Assignment of design to constructors: A discussion and direction

Collaborative or deferred design?

This table lists several forms of deferred design and the professionals involved. Images courtesy Dialog
Figure 1: This table lists several forms of deferred design and the professionals involved.
Photos courtesy Dialog

Collaborative design requires the involvement of a supporting registered professional or supporting certified/qualified contributor for elements of design:

  • the RPR does not have in-house;
  • required to form a part of the construction documentation; and
  • required to provide a complete solution to the constructor.

Collaborative design can be delivered using design‑assist process before bid through pre‑qualification or after bid as a cash allowance (Figure 1).

Design-assist before bid is typically obtained using a request for proposals (RFP) process in which the building elements and components are clearly defined by non-product specific performance attributes with a stated intent to form a contract with the successful collaborative design-assist partner, and which incorporates a methodology to return to open bidding opportunity if the design solutions process was not beneficial to project outcomes. This process is administered by the design professional and may entail early payment by the owner for design solutions that would otherwise occur during the construction period.

Design-assist after contract award can also be obtained through the RFP process during construction using similar documentation as described for the before-bid process, but administered through a cash allowance to recognize contractual obligation to identify design solutions that are not complete, and that will be determined during the construction period and administered by the constructor.

Deferred design is any design not completed in-house and represents specialist contributions not forming a part of the expertise of the RPR. Deferred design may involve solutions requiring engineering support from a registered professional (delegated design) or non‑engineering solutions from a supporting certified/qualified contributor (assigned design).

Delegated-design solutions require specific input from a professional engineer retained by the constructor, supplier, fabricator, or manufacturer. The difference with assigned-design solutions is, while they also require specific input from a specialist retained by constructor, supplier, fabricator, or manufacturer, they do not require input from a professional engineer. There are components in the deferred design process that may require aspects of delegated and assigned design. These must be identified in the documents.


Registered professional: The entity defined by building codes as having responsibility for architectural, engineering, or interior design, and defined by state-level regulations and statutes as having professional responsibility for life and health safety for construction.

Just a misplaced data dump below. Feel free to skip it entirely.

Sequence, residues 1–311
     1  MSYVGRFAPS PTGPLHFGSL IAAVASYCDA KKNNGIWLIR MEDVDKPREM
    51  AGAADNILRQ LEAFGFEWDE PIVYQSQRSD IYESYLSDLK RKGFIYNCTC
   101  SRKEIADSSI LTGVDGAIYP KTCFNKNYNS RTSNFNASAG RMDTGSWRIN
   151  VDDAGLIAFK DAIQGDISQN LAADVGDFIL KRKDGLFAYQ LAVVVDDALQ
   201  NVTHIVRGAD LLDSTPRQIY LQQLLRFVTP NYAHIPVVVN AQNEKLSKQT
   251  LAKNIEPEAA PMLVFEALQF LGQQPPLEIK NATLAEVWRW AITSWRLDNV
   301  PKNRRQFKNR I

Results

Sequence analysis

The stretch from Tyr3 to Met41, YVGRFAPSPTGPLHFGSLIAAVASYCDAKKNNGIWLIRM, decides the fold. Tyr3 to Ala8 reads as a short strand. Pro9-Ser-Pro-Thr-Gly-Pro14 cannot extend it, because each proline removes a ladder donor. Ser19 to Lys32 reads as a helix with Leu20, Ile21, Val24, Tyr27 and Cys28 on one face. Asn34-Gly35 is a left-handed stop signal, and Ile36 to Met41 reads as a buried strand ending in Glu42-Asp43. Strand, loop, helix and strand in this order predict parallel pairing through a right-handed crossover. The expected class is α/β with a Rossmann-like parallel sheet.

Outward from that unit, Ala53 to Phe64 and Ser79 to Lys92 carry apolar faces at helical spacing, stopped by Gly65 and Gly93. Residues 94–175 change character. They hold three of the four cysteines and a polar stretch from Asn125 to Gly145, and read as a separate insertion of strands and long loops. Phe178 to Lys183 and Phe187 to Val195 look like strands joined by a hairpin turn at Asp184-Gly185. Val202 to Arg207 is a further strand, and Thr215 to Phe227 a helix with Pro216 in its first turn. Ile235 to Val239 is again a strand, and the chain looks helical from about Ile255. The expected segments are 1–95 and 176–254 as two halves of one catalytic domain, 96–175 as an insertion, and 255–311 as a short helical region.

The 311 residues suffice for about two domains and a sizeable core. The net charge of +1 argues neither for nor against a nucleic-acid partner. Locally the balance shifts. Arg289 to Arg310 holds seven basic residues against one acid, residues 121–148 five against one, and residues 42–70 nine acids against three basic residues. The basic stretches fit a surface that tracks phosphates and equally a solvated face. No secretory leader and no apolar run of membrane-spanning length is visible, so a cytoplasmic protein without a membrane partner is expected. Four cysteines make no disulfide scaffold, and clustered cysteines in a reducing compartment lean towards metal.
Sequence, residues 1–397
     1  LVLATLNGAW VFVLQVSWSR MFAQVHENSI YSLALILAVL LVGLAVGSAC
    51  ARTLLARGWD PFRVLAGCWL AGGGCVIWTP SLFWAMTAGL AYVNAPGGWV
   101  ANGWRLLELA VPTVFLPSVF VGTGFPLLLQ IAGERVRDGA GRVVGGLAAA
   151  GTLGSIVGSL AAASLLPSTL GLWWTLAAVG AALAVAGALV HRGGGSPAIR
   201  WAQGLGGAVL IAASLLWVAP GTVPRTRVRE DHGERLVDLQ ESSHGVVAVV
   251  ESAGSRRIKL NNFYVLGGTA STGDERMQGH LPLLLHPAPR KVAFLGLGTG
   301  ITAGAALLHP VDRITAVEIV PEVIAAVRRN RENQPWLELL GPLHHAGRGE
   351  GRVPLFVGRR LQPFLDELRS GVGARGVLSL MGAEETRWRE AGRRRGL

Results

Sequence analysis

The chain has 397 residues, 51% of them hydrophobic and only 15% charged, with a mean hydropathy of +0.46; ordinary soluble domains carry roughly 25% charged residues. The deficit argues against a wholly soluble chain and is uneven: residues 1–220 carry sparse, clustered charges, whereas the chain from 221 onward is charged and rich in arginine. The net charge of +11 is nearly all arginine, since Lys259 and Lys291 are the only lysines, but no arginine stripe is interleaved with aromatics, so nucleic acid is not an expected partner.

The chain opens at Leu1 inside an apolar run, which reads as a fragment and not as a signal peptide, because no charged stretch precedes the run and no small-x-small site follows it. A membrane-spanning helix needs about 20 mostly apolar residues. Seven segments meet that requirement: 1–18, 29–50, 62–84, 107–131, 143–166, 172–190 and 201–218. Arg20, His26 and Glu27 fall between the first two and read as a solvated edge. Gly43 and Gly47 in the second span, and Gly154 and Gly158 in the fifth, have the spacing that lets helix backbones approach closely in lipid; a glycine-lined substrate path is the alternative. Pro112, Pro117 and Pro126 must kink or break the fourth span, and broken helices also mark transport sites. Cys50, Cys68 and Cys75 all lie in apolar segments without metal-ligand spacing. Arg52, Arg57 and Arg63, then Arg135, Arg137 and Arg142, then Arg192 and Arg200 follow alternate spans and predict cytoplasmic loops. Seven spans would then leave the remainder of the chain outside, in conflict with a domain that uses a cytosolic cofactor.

Coordinating professional of record: The entity responsible for engaging and coordinating the various registered professionals of record for design solutions required for the project, as defined by building codes.

Registered professional of record: The entity responsible for providing integral design and review of work specific to their area of discipline expertise, contributing to the whole of the project under the supervision of the coordinating professional of record.

Supporting registered professional: Similar responsibilities as the registered professional of record. Services are obtained as a component of construction deliverables to provide professional engineering design solutions for components of work not part of the in-house expertise of the coordinating registered professional or the registered professionals of record.

Supporting certified/qualified contributors: Non-professional certified or qualified contributors providing specialist design solutions obtained as a component of construction deliverables. These contributors provide design solutions for components of work that do not form a part of the in-house expertise of the coordinating registered professional or the registered professionals of record.

The deferred design process can include aspects of actionable and informational review of submittals, depending on the allocation of delegated design or assigned design, and which design profession discipline is involved with the aspect of the review. Deferred design may require the application of multiple submittal review stamps where two or more design professionals are involved with the review.

Managing the design process

Deferred design is completed by supporting registered professionals or supporting certified/qualified contributors who can provide supplementary supporting engineering, knowledgeable contributions, or architectural services for components of a defined discipline’s contribution during the construction phase of the project, provided they can submit appropriate assurances of their ability to design these components based on engineering provided by the design professional of record.

Collaborative design is similar in concept to deferred design, but occurs during production of the construction documents, where the supporting registered professionals’ contributions are fully incorporated by the RPR prior to the construction phase.

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